CN X: IS THE PRIMARY PARASYMPATHETIC NERVE FOR THE ENTIRE BODY
o Descends down through the side of the neck
o down through the thorax
o pierces the diaphragm
o continues on down through the abdominal cavity and gives off collaterals to every major organ and
tissue all the way down
o DOES NOT innervate:
§ sigmoid colon
§ descending colon
Where is the location of the nucleus for the cranial nerves?
• MEDULLA: CN IX, X, XI, XII
o CN IX, X:
§ sensory nucleus: nucleus solitarius (those who are too SENSitive may find themselves living in SOLITude)
§ motor nucleus: nucleus ambiguus (on SNL, the AMBIGUously gay duo were always riding around in an “oddly” shaped MOTOR vehicle)
• PONS: CN V, VI, VII, VIII
• MIDBRAIN: CN III, IV
• I cannot tell you where nerve cell bodies for CN I
& II are; they form very different pathways then
CN III – XII
CN PATHWAYS – GENERAL CONCEPTS?
Sensory pathways have 3 neurons in sequence similar to spinal sensory pathways:
o PRIMARY neuron with sensory receptors
§ The primary neuron is usually, but not always, the peripheral nerve (has not yet entered the brain)
component of the pathway
o SEONDARY neuron that usually, but not always, crosses (decussates) to opposite side of brain and
terminates in a thalamic nucleus
o TERTIARY neuron that terminates in sensory areas of the cerebral cortex for sensory perception/
interpretation and isolation to dermatomes
o CN I and II deviate from the general pattern of CN sensory pathways
Cranial nerve I-Olfactory:
• Sensory fibers only
• function to smell
• transmit olfactory sensations to many parts
of the brain
• that’s all I am going to
say about that
Cranial nerves 3,4,6-Oculomotor, Trochlear, Abducens:
-You do need to remember that CN III is responsible
for MOST extra ocular movements (EOM)
-Most of the muscles that causes those movements are innervated by the CN III (oculomotor); however there are 2 other cranial nerves:
* CN IV – innervates one of those muscles
* CN VI – innervates one of those muscles
-Not only do those nerve pathways have to be intact
• the neuromuscular synapse has to be intact
• the muscles themselves have to be able to contract
CN #3 is primarily responsible in moving the eye which direction(3)?
-up and out
-up and in
-down and out
CN #4 is primarily responsible in moving the eye which direction(1)?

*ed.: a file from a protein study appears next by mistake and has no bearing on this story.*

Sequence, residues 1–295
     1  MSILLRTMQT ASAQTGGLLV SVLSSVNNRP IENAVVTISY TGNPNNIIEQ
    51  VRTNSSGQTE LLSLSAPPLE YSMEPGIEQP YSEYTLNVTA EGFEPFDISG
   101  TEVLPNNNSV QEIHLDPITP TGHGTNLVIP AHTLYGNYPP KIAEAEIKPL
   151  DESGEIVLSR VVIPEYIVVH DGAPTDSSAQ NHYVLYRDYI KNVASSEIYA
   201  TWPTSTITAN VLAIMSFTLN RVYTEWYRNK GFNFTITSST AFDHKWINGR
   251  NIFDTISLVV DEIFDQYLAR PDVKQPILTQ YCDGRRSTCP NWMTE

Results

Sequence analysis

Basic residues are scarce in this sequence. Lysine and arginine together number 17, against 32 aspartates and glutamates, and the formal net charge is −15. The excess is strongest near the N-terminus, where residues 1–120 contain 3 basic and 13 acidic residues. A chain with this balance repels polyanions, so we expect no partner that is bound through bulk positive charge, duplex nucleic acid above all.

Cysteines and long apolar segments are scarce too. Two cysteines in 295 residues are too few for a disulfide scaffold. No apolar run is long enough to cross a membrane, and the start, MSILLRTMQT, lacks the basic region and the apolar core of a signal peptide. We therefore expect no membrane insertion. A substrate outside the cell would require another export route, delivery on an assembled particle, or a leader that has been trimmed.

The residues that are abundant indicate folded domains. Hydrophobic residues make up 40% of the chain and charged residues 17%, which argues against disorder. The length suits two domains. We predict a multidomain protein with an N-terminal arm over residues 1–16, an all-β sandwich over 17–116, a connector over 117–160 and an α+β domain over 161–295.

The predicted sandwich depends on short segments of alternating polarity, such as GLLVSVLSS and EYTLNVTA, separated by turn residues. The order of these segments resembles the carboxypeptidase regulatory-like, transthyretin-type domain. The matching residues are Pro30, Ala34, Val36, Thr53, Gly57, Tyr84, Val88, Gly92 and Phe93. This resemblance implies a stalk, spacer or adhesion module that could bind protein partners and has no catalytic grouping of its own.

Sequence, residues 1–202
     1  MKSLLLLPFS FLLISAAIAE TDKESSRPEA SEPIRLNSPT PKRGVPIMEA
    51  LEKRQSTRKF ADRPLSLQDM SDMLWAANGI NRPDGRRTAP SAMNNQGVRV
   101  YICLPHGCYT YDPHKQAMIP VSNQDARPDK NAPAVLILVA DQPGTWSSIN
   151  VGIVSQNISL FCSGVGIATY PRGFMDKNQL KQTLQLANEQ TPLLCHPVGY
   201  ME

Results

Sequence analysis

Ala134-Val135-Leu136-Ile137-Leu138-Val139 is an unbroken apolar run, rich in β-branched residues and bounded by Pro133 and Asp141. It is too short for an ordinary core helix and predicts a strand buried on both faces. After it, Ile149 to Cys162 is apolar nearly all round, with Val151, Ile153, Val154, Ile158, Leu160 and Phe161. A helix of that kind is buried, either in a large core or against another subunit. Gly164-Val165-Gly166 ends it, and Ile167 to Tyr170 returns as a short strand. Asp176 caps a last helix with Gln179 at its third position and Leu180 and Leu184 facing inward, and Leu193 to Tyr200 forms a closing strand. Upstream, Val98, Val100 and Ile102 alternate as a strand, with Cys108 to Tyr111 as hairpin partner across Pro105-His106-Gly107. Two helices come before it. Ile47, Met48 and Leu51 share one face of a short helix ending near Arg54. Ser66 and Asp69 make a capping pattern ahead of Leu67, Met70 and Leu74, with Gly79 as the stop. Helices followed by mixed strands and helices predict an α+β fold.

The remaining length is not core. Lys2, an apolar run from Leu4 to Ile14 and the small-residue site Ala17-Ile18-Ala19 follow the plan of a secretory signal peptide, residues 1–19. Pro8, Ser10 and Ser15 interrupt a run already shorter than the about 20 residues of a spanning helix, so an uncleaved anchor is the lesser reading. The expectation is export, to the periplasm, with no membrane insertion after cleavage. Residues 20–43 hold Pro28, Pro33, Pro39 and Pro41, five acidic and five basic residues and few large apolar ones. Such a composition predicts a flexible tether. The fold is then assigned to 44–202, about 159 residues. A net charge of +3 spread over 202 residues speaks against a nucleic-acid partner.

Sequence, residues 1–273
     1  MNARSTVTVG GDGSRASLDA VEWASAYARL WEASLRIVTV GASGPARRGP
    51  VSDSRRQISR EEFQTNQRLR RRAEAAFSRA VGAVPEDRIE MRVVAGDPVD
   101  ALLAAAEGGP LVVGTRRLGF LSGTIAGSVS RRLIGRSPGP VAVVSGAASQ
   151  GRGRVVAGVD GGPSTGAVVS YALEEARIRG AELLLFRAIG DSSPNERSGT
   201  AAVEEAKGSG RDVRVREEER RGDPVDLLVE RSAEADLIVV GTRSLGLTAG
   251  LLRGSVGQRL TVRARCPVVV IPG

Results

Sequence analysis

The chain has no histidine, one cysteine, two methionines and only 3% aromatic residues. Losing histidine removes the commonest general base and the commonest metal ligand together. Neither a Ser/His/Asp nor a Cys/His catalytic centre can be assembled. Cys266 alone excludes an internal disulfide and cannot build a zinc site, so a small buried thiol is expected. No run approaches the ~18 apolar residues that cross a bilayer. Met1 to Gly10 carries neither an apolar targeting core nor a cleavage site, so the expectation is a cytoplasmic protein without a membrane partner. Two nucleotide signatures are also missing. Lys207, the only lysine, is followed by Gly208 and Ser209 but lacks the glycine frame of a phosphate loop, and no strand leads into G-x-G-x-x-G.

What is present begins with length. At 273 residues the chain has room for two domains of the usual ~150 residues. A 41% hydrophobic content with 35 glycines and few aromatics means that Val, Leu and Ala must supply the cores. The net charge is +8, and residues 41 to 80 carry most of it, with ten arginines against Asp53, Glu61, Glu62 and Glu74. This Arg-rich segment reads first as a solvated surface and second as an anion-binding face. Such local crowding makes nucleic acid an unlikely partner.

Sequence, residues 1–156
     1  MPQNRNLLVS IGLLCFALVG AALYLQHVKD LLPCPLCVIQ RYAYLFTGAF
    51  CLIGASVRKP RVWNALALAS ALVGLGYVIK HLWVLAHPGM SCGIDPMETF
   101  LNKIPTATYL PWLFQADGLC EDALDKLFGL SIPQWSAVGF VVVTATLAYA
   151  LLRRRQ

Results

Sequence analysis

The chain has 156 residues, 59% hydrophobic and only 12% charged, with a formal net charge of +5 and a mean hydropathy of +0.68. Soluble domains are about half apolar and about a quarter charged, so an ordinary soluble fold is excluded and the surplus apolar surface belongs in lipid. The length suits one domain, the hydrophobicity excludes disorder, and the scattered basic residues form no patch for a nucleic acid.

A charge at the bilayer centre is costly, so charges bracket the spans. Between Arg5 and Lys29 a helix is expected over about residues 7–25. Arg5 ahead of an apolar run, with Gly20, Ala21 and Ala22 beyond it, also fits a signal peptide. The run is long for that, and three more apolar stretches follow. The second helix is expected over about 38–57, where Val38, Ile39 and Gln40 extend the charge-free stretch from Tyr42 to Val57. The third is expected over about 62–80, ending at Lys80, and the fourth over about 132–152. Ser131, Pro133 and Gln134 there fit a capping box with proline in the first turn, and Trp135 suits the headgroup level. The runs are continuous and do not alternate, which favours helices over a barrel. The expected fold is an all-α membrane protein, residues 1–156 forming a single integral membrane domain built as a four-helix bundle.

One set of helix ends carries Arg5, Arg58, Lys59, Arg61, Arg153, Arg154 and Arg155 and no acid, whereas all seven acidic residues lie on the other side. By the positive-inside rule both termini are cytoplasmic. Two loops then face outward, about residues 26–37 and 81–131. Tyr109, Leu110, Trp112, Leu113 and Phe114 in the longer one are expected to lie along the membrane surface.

-down and in
CN #5 is primarily responsible in moving the eye which direction(1)?
Cranial nerve 5-Trigeminal:
• I want you to primarily associate trigeminal with:
MOST of the sensations from the face and head
are transmitted through the trigeminal n.
• One branch of the trigeminal has SOME
motor function; primarily those muscles involved
What are the 3 branches of the trigeminal nerve?
o V1: Ophthalamic: transmits sensations from the upper eyelid, most anterior part of the nose, and from the
o V2: Maxillary: transmits sensations from the lateral side
of the head, lower eyelids, lateral side of the nose (not the sense of smell), and upper lip
o V3: Mandibular: transmits sensations from the lower lip, chin, and the mandibular branch has some motor fibers that innervate the muscles for chewing (mastication).
Cranial nerve #7-Facial:
• I want you to associate FACIAL: most facial
expressions, are caused my muscles innervated by the
• It also has some sensory fibers
o for the most part taste
• And has some
• If both of the CNs are functioning; raise your
eyebrows, both should be raised at the same height
• If you were to frown or puff out your cheeks, it
should both be symmetrical.
o If there is asymmetry, there is weakness on the
Cranial nerve #8-Acoustic/Auditory/Vestibulocochlear:
• Transmits hearing from the inner ear to the primary
auditory center located in the temporal lobe.
Cranial nerve #9-Glossopharyngeal:
• It has all 4 types of fibers
• The motor is primarily to some of the muscles of the
• Proprioception sensation from those muscles
• Motor also has to do with; when you phonate
“ummm”, your uvula should rise in the midline
o If there is an abnormality to one side
or the other of the nerve, then the uvula will deviate from the midline; to the L or R
o Another test is the gag reflex (you have to actually touch the back of the throat)
• Sensory primarily has to do with taste
• Associated with the nucleus solitarius and ambiguus
Cranial nerve #10-Vagus:
• Has all 4 types of fibers
• It also associated with nucleus solitarius and
• Most of the motor is to pharynx (the muscles of
• And of course proprioception
• Sensation: the pharynx and larynx
• Sensations for most abdominal organs are
transmitted through sensory fibers through the
o There is no area on the sensory homunculus for the internal organs
o So when sensations are transmitted to the vagus from those organs, when it gets to the SCord and then the brain; it perceives those sensations as if they originated from the surface of the body; this is called REFERRED PAIN
Cranial nerve #11-Spinal Accessory:
• Probably is not a CN at
• For many people the origin is in the upper part
of the SCord, not in the lower part of the medulla
• So if its origin is really part of the SCord, it
should be a spinal nerve, not a CN
• Motor and proprioception for the muscles of the shoulder; primarily the muscles for turning the head or shrugging the shoulders
Cranial nerve #12-Hypoglossal:
• Most of the muscle involved in the movement
of the tongue and some of the muscles in the throat
• Tongue should protrude in the midline
• If it deviates to one side or the other, that may
suggest an abnormality of CN XII; it points to the
side where the altered transmission is at
Now what are the optic radiations that I referred to? What are those axons radiating around?
A. The lateral ventricle of the brain
Notice the collaterals to the superior colliculi § Where are the superior colliculi?
corpora quadrigemina (located in the midbrain)
v Associated with visual reflexes.